Guns, Gorillas and Netflix: A Belgian Prince in Congo

RUMANGABO, Democratic Republic of Congo — “Emmanuel was over at my house for dinner the other night,” Ben Affleck said in an interview, “and despite the fact that he’s spent most of his life in Virunga, he’s been shot, he’s seen people he’s loved killed, my 16-year-old daughter said: ‘Why is it appropriate you do this? You’re not Congolese.’”

“There were people there and I was trying to raise money, ‘Violet, what are you doing?’” Mr. Affleck continued, during the interview in Los Angeles. “But he answered calmly: ‘I’m here in all humility, trying to do my part.’”

“Emmanuel” is Emmanuel de Merode, the director of Virunga National Park, Africa’s oldest protected area and in many ways the front line of human-wildlife conflict. And the source of Violet Affleck’s consternation isn’t so much Mr. de Merode’s mission to save Virunga’s mountain gorillas and use the park to help bring economic stability to the Democratic Republic of Congo, a country plagued by violence and a persistent stripping of its rich natural resources. Instead, Violet was zeroing in on the fact that he’s a Belgian prince in a country with a violent colonial past.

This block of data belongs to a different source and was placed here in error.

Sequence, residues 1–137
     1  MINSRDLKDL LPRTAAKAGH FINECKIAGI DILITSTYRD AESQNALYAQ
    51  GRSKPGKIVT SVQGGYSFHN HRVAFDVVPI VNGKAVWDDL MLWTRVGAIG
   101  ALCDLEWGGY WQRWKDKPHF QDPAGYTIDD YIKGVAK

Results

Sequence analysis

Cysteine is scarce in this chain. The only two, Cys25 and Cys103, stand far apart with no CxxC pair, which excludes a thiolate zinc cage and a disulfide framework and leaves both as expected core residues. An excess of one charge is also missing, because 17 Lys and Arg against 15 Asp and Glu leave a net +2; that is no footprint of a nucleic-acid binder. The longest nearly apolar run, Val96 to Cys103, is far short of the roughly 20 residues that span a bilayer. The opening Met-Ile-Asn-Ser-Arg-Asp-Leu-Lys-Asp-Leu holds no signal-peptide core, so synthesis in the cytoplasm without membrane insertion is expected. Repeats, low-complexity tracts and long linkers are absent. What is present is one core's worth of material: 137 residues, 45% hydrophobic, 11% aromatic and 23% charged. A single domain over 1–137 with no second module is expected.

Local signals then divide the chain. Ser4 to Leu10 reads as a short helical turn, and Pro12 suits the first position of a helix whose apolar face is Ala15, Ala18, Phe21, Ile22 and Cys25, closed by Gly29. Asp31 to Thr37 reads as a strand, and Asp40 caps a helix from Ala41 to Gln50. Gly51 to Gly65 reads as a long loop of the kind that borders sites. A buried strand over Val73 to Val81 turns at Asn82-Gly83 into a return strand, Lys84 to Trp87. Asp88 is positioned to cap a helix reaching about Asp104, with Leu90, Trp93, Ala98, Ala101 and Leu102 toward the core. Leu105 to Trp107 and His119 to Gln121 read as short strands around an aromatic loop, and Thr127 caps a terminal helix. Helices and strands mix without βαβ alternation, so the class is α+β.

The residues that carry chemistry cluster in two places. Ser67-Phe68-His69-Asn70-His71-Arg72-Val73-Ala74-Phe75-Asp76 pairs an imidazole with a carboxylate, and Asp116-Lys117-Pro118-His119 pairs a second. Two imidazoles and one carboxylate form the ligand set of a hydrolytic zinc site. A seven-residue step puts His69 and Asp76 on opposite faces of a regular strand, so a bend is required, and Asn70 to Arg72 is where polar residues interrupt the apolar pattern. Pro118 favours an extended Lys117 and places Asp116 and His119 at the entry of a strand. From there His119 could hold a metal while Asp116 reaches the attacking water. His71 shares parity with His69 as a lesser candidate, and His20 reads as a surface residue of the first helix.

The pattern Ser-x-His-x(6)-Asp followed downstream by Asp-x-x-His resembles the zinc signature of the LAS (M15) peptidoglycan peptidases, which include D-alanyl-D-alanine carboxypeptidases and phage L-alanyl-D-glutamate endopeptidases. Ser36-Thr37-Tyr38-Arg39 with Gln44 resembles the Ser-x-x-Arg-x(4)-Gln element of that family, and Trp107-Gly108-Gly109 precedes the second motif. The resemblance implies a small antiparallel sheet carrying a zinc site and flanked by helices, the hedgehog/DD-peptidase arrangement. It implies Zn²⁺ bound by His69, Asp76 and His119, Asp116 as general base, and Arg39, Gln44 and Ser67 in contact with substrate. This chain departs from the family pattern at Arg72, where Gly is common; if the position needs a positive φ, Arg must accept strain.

If Violet’s teenage-abetted forthrightness surprised her father, he may want to get used to it. Mr. de Merode, who rose to fame in a 2014 Netflix documentary about the park, is increasingly the apple of a certain kind of celebrity’s eye — those who are committed to saving the planet, with a nose for a cinematic story along the way.

Many stars attach their names to causes and move on — remember Kony 2012? — but Mr. Affleck said the most important thing he’s done, “what I want to be remembered for,” is the Eastern Congo Initiative, which he started in 2010 and has linked thousands of Congolese cocoa and coffee farmers with big brands like Theo Chocolate and Starbucks. Now he is teaming with Mr. de Merode, whose impact he calls “a real inspiration,” helping bring park-made chocolate to American supermarkets.